Restoring biodiversity – the key to preventing the next pandemic?

Institute Seminar by Lucinda Kirkpatrick

  • Date: Jul 9, 2024
  • Time: 10:30 AM - 11:30 AM (Local Time Germany)
  • Speaker: Lucinda Kirkpatrick
  • I carried out my PhD at the University of Stirling investigating biodiversity differences and animal behaviour in response to management decisions in commercial coniferous plantations in the UK. While this focussed primarily on bat species, for my post doc and fellowship (FWO), I changed country, study species and study location to investigate how individual and population level drivers influence disease transmission in the multimammate mouse in Tanzania based at the EVECO group at the University of Antwerp, under Prof. Herwig Leirs. I have now joined Bangor University in North Wales as Lecturer in Wildlife Ecology, alongside co-leading a large consortium of partners to investigate how restoration influences biodiversity recovery, individual behaviour and mechanisms of spillover risk. This project, funded by Horizon EU, has just started and will run for four years and is a bringing together of the landscape scale drivers of biodiversity I investigated with my PhD and the drivers and mechanisms of spillover risk which underpinned my post doctoral and fellowship work. In addition, in order to investigate some of these key mechanisms of spillover risk, I collaborated with colleagues in Engineering in UAntwerp to develop miniaturised proximity loggers, which we launched into a spin off company, IoSA BV, focussed on low power solutions to investigating key components of animal behaviour.
  • Location: MPI-AB Möggingen
  • Room: Seminar room MPI-AB Möggingen + Online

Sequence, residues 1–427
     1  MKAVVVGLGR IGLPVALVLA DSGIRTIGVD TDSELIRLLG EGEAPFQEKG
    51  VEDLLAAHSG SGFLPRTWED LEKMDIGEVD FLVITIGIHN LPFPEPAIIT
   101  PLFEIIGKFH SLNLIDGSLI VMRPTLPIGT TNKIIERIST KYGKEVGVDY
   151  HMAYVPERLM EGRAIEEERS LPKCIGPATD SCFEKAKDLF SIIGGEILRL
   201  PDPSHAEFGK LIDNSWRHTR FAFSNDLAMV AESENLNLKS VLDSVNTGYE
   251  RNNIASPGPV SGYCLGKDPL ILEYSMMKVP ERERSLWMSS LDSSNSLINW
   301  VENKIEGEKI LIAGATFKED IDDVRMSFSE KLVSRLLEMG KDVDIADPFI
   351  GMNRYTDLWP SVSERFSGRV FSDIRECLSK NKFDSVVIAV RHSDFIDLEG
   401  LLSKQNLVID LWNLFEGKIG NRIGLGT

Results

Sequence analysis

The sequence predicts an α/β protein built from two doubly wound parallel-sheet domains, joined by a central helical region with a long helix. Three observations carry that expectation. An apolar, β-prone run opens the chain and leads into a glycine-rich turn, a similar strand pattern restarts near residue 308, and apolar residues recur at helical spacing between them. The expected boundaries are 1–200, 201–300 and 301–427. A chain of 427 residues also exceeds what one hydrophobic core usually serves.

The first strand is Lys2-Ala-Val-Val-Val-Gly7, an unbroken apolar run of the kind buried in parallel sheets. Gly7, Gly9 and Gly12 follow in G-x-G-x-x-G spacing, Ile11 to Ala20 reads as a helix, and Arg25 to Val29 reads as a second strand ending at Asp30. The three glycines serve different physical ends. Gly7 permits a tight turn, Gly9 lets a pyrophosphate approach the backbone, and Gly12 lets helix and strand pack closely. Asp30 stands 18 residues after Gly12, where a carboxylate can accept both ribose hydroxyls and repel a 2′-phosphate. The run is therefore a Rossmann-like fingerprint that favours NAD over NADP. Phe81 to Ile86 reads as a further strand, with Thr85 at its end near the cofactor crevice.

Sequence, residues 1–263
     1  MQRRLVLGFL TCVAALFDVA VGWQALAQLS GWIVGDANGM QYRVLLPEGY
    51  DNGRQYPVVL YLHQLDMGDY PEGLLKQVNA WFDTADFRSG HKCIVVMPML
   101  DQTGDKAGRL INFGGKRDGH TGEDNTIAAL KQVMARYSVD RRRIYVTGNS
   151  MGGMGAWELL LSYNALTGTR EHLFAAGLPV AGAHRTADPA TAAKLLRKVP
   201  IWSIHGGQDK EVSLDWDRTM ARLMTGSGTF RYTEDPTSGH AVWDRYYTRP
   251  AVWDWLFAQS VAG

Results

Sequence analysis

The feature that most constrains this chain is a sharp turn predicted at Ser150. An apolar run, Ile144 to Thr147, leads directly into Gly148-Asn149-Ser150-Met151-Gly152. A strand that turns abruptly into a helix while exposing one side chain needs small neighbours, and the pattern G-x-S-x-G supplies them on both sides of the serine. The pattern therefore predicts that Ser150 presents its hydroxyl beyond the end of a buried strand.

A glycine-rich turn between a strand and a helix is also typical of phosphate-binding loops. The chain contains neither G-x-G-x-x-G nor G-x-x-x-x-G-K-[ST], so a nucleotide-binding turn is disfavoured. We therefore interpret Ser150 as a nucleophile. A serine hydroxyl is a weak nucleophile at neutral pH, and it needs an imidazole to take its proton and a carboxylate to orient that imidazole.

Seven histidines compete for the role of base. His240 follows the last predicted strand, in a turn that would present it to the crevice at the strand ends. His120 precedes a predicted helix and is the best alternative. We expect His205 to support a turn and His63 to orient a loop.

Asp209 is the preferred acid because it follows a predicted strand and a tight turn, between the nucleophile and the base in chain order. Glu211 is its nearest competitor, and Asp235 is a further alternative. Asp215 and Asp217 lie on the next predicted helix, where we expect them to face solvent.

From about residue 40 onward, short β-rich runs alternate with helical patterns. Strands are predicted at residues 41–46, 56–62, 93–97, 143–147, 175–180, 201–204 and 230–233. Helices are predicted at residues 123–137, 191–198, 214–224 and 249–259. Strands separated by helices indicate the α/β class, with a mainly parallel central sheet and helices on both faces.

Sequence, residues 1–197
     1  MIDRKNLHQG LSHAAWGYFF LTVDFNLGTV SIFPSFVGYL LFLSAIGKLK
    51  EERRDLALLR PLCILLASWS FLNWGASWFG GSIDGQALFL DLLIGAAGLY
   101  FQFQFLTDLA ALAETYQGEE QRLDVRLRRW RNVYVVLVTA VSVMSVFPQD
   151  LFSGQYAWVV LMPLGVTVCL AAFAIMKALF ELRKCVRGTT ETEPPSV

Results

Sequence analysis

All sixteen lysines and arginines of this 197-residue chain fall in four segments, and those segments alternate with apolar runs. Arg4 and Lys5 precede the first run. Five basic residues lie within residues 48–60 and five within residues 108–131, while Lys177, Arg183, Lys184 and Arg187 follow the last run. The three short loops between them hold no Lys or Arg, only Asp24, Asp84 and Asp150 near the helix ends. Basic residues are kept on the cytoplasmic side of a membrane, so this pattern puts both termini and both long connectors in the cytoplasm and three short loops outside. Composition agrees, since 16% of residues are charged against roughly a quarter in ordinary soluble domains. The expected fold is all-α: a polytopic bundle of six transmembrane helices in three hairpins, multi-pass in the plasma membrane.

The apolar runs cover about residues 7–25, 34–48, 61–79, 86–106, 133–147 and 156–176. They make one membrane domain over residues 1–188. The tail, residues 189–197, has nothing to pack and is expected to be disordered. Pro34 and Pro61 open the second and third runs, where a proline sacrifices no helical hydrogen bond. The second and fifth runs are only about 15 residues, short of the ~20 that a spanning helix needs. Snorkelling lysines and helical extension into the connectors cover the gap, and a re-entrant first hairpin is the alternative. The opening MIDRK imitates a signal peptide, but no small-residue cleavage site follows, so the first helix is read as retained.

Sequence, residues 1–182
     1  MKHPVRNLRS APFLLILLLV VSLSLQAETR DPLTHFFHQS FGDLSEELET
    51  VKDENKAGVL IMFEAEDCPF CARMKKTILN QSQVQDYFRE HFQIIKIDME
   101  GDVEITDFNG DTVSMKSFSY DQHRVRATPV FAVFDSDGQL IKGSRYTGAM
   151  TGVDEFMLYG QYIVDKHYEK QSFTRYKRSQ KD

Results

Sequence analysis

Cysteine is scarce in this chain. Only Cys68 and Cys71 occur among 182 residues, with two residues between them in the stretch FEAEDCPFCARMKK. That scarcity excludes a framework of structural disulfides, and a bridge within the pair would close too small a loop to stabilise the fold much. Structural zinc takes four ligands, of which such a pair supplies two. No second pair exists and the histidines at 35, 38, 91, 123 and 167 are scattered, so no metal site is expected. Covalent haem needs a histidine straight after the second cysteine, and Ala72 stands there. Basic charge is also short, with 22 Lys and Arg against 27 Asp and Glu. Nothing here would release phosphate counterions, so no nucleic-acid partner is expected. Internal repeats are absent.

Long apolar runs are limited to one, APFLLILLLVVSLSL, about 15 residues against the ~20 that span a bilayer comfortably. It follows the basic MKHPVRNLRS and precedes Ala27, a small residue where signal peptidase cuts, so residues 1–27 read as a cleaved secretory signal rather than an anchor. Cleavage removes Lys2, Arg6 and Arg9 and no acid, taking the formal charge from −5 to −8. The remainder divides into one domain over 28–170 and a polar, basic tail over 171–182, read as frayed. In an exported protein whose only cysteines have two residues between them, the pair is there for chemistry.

• Host: Max Planck Institute of Animal Behavior
  • Contact:
 Restoring biodiversity – the key to preventing the next pandemic?
There is clear and growing evidence that anthropogenic impacts on our environment are impacting our quality of life. Spillovers of zoonotic diseases occur more frequently in degraded landscapes where contact between humans and wildlife increase. Restoration has been flagged as a key tool in our quest to redress some of the damage that has been done historically but there is very little known about how restoration may protect against spillover risk. In addition, how mechanisms that link to spillover risk may play out in restoring landscapes has rarely been tested and given that human interaction with restored landscapes is likely to remain high or increase because of the restoration, this may represent a risky environment for spillover. In this talk I will touch on some of the previous work carried out investigating transmission dynamics in a wild rodent at the individual and population level and discuss a little bit about how we intend to extend this work in RESTOREID using a range of novel technological approaches, with the belief that leveraging innovations in other disciplines can be an incredibly powerful tool for ecological research.

The MPI-AB Seminar Series is open to members of MPI and Uni Konstanz. The zoom link is published each week in the MPI-AB newsletter.

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